Chapter 6: The Elements of Chemotherapy
Chapter 6: The Elements of Chemotherapy 2420
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This 4 page Class Notes was uploaded by Siân L'Roy on Sunday August 21, 2016. The Class Notes belongs to 2420 at Tarrant County College District taught by Mark Pulse in Summer 2016. Since its upload, it has received 4 views. For similar materials see Microbiology in Biology at Tarrant County College District.
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Date Created: 08/21/16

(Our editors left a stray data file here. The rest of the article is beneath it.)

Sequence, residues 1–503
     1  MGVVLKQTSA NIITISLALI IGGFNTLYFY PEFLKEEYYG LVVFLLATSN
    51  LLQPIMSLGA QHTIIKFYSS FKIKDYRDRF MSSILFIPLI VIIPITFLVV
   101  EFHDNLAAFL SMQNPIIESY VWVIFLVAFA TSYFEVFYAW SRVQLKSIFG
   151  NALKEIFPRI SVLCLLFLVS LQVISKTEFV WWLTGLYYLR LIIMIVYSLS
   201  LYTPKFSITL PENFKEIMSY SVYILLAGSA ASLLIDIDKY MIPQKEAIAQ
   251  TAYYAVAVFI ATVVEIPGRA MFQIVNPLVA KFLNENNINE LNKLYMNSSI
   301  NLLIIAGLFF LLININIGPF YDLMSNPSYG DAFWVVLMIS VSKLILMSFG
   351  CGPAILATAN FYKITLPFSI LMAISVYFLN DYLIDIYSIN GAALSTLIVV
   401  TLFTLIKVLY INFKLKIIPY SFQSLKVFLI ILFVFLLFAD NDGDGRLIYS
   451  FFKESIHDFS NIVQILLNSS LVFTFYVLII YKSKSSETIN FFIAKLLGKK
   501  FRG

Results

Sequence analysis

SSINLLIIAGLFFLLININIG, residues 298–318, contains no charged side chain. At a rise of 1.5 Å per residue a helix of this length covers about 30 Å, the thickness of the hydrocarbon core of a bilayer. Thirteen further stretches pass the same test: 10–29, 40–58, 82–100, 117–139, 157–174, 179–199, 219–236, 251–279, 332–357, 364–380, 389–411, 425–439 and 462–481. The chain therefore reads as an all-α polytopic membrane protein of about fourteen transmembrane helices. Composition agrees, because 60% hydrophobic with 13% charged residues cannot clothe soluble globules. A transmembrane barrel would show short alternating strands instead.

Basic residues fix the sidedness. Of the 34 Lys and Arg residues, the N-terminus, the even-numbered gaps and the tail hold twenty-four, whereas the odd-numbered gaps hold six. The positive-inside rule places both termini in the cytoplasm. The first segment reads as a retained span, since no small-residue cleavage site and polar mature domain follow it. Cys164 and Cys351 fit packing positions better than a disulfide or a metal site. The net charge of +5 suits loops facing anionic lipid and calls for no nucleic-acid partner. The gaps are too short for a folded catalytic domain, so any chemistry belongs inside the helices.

The Elements of Chemotherapy (Antibiotics) Alexander Fleming was one of the first scientist to recognize the importance of antibiotic treatment for lifethreatening infections o In 1928 he observed a fungal contaminant that inhibited the growth of S. aureus on plate cultures o He determined the fungus to be a species of Penicillium; he identified the new inhibitory agent as pencillin o Fleming observed that penicillin was effective against several species of bacteria, and was minimally toxic to the host (animals) o He was not able to successfully purify penicillin; this was accomplished by Chain and Florey in the 1940’s Penicillin was mass produced for use in WWII Prior to penicillin, more soldiers died from woundassociated infections than from the instruments of war (bullets) themselves In 1900, 1 out of 100 infected individuals died in the United States; by 1990, the frequency dropped to 1 in every 300 infected individuals Sir Alexander Fleming (18811955) Lecturer at Saint Mary’s Medical School (London, England) Research focused on identifying products that inhibited bacterial growth Discovered lysozyme in 1923 (hydrolyzes cell walls) Accidently discovered penicillin in 1928 o Penicillin Discovery He noticed that Staphylococcus aureus growth was inhibited near a mold contaminant He identified the mold as a Penicillium notatum Named the inhibitory agent of penicillin Published findings in the British Journal of Experimental Pathology in 1929 Fleming was not able to successfully purify penicillin in the lab Howard Florey and Ernest Chain Headed research team at Oxford University in England The Elements of Chemotherapy (Antibiotics) Selected penicillin in 1938 as a possible treatment for bacterial infections Designed a method to purify penicillin in 1940 Performed animal test to validate the activity of penicillin within an infected host o Early uses of purified penicillin First human patient dosed with penicillin in February 1941 (Albert Alexander) Five patients with infections dosed with penicillin 4 out of the 5 fully recovered Results published in 1941 (The Lancet) Full industrial scale up in the United Kingdom and the United States Penicillin was available on DDay (WWII) landing in June 1944 Based on their macromolecular activities, most antibiotics belong to 1 of 6 antibiotic classes 1. Cell wall synthesis inhibitors: Includes βlactams (penicillin), glycopeptides (vancomycin), bacitracin, and phosphonomycin; all prevent the formation of the cell wall in dividing cells 2. Protein synthesis inhibitors: Includes aminoglycosides (gentamicin), tetracyclines (tetracycline), and macrolides (erythromycin); all directly inhibit protein synthesis by binding to the ribosome 3. DNA replication inhibitors: Includes fluoroquinolones (ciprofloxacin) and metronidazole; fluoroquinolones bind to DNA gyrase to prevent DNA replication, while metronidazole generates nicks in a DNA strand 4. RNA synthesis inhibitor: Only rifampin belongs to this class; it binds to RNA polymerase and blocks transcription 5. Tetrahydrofolic acid synthesis inhibitors: Includes trimethoprim and sulfonamides; both are competitive inhibitors of tetrahydroflic acid production (needed for nucleic acid and fMet synthesis) 6. Cytoplasmic membrane damager: Daptomycin belongs to this class; it binds to and damages the cytoplasmic membrane of Gram (+) bacteria What is antibiotic resistance? The Elements of Chemotherapy (Antibiotics) An antibiotic cannot inhibit the growth of or kill bacteria Generated due to selective pressure associated with the over use of antibiotics It is a matter of survival for the bacterial cell Alexander Fleming warned of resistance developing to penicillin in his Nobel Prize Lecture in 1945, stating that, “It is not difficult to make microbes resistant to penicillin in the laboratory by exposing them to concentrations not sufficient to kill them, and the same thing has occasionally happened in the body.” By 1960 more than 80% of Staphylococci were resistant to penicillin **Bacteria are not just resistant to one antibiotic, but many are MultiDrug Resistant organisms (MDR) Antibiotic resistance has become more prevalent as a result of their use in medicine and other industries (agriculture) Resistance can be innate or acquired, and several mechanisms of resistance have been identified in bacteria Identified mechanisms of resistance include: o Production of drug inactivating enzymes E.g.: penicillinase is produced by bacteria (mostly Gram negative) that enzymatically inactivates penicillin o Modification to the target molecule or pathway E.g.: penicillin can no longer recognize modified penicillinbinding proteins (PBPs) involved in cell wall synthesis o Decreasing the influx/uptake of an antibiotic E.g.: Gramnegative bacteria can alter the structure of membrane associated porins (channels), effectively reducing the influx of an antibiotic o Increased elimination of internalized drug E.g.: Bacteria can upregulate (increase) the numbers of an efflux pump involved in ‘pumping’ an internalized antibiotic out of the cell The Elements of Chemotherapy (Antibiotics) Antibiotic resistance in bacteria can be acquired by spontaneous genetic mutations or by the horizontal transfer of resistance genes
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